Official Report (Hansard)
Date: 26 April 2012
PDF version of this report (149.99 kb)
Committee for Justice
Review of the Criminal Records Regime in Northern Ireland: Part 2: Draft Consultation
The Chairperson: I welcome Maura Campbell from the criminal justice development division of the Department of Justice; Gary Archibald, who is also from the criminal justice development division; Debbie Pritchard from the protection and organised crime division; and Tom Clarke from Access NI. Maura, I think that you are leading off for us, so I will hand over to you.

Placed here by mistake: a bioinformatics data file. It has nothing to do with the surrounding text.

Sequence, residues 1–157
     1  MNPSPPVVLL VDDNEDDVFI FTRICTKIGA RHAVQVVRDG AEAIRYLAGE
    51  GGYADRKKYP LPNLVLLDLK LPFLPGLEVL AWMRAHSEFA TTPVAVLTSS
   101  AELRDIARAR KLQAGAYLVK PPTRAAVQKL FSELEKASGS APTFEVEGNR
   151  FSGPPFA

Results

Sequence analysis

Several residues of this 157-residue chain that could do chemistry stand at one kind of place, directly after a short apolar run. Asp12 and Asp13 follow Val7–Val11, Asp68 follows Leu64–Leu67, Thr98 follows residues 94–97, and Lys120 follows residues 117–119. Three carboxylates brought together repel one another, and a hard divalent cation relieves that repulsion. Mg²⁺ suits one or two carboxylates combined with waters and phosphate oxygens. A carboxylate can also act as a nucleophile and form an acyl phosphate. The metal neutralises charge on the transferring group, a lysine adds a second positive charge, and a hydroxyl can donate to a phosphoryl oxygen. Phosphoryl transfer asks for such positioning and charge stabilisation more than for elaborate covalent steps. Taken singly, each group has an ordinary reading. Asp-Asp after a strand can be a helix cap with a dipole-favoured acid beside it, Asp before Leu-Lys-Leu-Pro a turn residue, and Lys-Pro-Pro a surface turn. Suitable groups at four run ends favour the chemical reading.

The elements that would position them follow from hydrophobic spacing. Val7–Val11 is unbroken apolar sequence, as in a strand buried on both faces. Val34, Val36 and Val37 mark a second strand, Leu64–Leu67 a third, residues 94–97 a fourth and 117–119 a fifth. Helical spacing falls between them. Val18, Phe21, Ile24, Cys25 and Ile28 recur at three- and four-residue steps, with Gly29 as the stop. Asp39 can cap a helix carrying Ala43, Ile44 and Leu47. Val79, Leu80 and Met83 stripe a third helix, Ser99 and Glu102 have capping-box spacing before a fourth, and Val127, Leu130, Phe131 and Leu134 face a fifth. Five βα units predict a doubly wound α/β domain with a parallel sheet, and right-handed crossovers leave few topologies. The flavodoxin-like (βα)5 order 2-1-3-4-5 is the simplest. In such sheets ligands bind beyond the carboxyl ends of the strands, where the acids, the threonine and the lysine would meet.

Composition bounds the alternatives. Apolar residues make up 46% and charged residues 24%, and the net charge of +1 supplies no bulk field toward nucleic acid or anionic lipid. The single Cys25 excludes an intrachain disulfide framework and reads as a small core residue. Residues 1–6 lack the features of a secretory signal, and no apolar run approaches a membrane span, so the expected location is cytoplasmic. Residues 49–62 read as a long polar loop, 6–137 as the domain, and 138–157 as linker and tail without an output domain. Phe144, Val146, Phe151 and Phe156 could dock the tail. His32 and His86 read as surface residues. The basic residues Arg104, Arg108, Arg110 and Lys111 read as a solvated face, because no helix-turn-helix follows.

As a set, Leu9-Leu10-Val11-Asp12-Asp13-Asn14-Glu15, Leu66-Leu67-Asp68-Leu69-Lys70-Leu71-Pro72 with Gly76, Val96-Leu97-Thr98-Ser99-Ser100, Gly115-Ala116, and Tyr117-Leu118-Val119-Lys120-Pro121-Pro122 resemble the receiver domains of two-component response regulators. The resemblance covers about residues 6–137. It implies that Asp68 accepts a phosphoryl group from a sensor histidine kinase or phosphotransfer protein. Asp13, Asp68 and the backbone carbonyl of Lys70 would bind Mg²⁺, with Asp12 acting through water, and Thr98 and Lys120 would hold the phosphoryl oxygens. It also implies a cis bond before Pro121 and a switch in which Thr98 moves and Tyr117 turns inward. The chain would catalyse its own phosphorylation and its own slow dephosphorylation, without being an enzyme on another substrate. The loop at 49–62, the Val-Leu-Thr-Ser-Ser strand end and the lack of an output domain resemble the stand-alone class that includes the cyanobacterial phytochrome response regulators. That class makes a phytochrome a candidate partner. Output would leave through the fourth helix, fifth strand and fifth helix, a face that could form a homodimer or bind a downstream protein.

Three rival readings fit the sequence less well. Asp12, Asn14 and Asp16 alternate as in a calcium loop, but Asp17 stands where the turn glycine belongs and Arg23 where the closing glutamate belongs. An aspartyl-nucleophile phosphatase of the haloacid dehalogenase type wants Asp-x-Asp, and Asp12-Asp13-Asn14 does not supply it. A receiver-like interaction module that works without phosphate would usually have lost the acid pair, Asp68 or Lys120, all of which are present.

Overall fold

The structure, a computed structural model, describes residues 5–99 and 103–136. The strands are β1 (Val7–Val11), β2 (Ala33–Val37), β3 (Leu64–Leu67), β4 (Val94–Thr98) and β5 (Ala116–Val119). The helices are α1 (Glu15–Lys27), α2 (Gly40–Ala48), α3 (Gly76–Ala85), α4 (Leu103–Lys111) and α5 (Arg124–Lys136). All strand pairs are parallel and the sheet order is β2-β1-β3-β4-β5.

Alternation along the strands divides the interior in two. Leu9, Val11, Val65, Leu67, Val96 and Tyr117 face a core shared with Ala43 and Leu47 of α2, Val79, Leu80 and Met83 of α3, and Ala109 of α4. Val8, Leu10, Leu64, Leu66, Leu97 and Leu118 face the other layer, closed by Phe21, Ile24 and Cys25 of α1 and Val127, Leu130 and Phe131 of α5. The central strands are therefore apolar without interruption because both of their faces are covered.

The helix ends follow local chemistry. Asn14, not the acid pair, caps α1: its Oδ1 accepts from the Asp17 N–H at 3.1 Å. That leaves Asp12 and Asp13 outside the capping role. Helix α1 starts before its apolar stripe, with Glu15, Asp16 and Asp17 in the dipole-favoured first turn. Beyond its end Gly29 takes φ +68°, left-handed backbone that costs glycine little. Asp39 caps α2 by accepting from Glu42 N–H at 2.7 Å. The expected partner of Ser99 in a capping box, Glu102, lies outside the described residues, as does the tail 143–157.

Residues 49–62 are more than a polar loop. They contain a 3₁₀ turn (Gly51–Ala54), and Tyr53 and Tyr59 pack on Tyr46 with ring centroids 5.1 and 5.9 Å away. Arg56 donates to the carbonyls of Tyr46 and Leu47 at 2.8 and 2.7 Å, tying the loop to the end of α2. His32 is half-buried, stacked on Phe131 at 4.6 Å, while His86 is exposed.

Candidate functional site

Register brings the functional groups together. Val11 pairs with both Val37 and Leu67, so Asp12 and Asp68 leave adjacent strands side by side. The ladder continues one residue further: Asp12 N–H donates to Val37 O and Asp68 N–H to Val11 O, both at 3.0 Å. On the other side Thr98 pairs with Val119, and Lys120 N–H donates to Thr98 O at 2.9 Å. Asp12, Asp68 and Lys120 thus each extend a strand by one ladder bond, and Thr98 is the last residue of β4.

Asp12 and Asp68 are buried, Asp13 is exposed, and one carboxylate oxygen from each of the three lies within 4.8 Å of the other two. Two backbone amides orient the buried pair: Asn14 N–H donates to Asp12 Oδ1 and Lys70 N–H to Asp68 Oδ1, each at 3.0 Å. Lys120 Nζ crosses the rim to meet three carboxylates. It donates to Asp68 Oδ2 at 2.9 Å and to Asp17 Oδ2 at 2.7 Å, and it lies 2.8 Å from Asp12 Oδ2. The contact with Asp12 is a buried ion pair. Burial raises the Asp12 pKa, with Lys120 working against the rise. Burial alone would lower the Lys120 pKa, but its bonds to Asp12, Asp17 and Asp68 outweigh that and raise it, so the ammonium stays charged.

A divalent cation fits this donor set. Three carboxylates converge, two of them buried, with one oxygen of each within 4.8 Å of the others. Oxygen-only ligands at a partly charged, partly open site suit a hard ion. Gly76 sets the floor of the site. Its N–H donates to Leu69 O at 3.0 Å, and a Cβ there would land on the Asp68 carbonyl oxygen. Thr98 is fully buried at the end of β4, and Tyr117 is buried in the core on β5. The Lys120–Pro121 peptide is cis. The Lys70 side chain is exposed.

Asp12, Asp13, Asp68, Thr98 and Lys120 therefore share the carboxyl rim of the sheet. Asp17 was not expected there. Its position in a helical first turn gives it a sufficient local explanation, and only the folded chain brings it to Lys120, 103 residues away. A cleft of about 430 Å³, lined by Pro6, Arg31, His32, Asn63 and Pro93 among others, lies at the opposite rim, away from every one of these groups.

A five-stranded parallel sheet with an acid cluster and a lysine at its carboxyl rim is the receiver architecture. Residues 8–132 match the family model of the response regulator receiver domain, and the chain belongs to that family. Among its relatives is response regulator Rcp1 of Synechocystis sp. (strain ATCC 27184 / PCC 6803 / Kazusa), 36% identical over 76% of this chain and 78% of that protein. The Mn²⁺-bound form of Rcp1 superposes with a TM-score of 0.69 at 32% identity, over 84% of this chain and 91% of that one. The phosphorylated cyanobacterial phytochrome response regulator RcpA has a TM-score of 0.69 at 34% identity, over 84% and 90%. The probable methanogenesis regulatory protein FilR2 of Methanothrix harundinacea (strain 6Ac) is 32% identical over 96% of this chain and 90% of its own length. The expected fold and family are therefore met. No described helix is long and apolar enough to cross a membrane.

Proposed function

Ms Maura Campbell (Department of Justice): Thank you very much. Good afternoon. We are grateful to the Committee for giving us the opportunity to brief it on how we plan to respond to Mrs Mason's part 2 report, about which you just heard. We thought that it would be helpful to update you at the same time on the two related recommendations from her part 1 report that she also spoke about, for which I am joined by Debbie and Tom.